Clinical alert – syphilis in women

The following information is from Health Protection NSW (Communicable Diseases Branch) – view PDF here (PDF published 3rd Oct 2019)

Information for primary health care practitioners, antenatal services, and sexual health services

Key points: 

1. Screen all pregnant women for syphilis early in gestation.
2. Screen pregnant women considered at increased risk of an STI again at 24-28 weeks.
3. Treat all pregnant women with syphilis urgently.
4. Contact your local sexual health clinic or public health unit for advice and assistance.

Syphilis during pregnancy

  • Syphilis is primarily transmitted via sexual contact, but also from mother to baby.
  • Congenital syphilis can cause stillbirth, neonatal death, preterm delivery or low birth weight, and severe congenital abnormalities.

Increase in syphilis notifications in women and infants

  • There was a 60% increase in infectious syphilis notifications in women under the age of 46 years in NSW in 2018 compared to 2017 and notifications in 2019 remain elevated.
  • From January 2018 to August 2019, there were two confirmed cases of congenital syphilis in non-Indigenous infants in NSW. In both cases, the first antenatal visit occurred late in pregnancy and treatment was delayed.
  • The syphilis outbreak among Aboriginal and Torres Strait Islander people in the Northern Territory, Queensland, South Australia and Western Australia is ongoing and may spread to NSW.

Offer syphilis serology to all women:

  • When there are any signs and symptoms of infectious syphilis (presence of an ulcer/chancre or rash).
  • When managing any other STIs, including women presenting as a contact of a person with an STI.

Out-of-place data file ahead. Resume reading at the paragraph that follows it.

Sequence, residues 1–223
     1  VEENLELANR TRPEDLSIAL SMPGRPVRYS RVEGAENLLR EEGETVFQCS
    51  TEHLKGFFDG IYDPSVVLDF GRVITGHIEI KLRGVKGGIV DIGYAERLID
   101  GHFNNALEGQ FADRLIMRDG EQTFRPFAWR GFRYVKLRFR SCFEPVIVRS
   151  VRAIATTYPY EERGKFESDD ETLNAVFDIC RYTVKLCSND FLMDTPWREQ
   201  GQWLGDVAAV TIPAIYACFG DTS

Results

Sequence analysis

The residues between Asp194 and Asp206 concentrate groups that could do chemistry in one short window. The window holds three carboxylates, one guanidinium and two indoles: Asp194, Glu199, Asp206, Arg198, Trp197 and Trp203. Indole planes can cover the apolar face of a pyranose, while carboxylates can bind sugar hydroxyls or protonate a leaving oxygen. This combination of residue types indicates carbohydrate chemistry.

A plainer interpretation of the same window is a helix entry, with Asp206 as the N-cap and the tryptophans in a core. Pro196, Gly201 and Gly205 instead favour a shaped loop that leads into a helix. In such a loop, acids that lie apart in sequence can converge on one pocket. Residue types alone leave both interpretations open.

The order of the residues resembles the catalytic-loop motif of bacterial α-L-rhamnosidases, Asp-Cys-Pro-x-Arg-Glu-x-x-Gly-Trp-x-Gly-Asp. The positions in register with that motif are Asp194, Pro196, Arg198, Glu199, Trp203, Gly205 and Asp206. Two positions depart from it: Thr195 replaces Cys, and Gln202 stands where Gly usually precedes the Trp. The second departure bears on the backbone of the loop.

• As part of STI screens, during MBS item 715 health checks for Aboriginal women, and opportunistically.

Managing the risk of syphilis in pregnancy

  • Ascertain the pregnancy status of all women tested for syphilis or any other sexually transmissible infection.
  • Test for syphilis at the first antenatal visit.
  • Test again at 24-28 weeks in those at increased risk. This includes all pregnant Aboriginal women and women whose baby will be identified as Aboriginal, women with an STI diagnosis during the current pregnancy or in the previous 12 months, women who have sex with bisexual men, have multiple sexual partners, use drugs, or engage in sex work.
  • Urgently recall all women with reactive syphilis serology to assess the need for treatment. Treatment needs to be administered as soon as possible
  • Seek early assistance from your local sexual health clinic or public health unit for:
    • Patient recall;
    • Interpretation of test results, disease staging, and risk assessment for congenital syphilis;
    • Treatment administration or access problems;
    • Contact tracing.

Treatment of syphilis in pregnancy

  • For infectious syphilis: Benzathine penicillin 2.4 million units (equivalent to 1.8 g-usually two full vials) IMI stat.
  • For late latent syphilis and syphilis of unknown duration: Benzathine penicillin 2.4 million units (equivalent to 1.8 g-usually two full vials), weekly for 3 weeks.
  • If the recommended penicillin-containing regimen is not completed at least 30 days prior to delivery, treatment is considered inadequate for the purpose of assessing the risk to the neonate.
  • Consider ordering benzathine benzlypenicillin (Bicillin L-A) in advance through the Emergency Drug Supply Schedule (Prescribers Bag; listed 1 September 2019).

More information and help

  • In NSW, calling 1300 066 055 will direct you to your local Public Health Unit.
  • The NSW Sexual Health Info Link can be reached at 1800 451 624 or www.shil.nsw.gov.au.
  • The Australian STI Management Guidelines are available at www.sti.guidelines.org.au.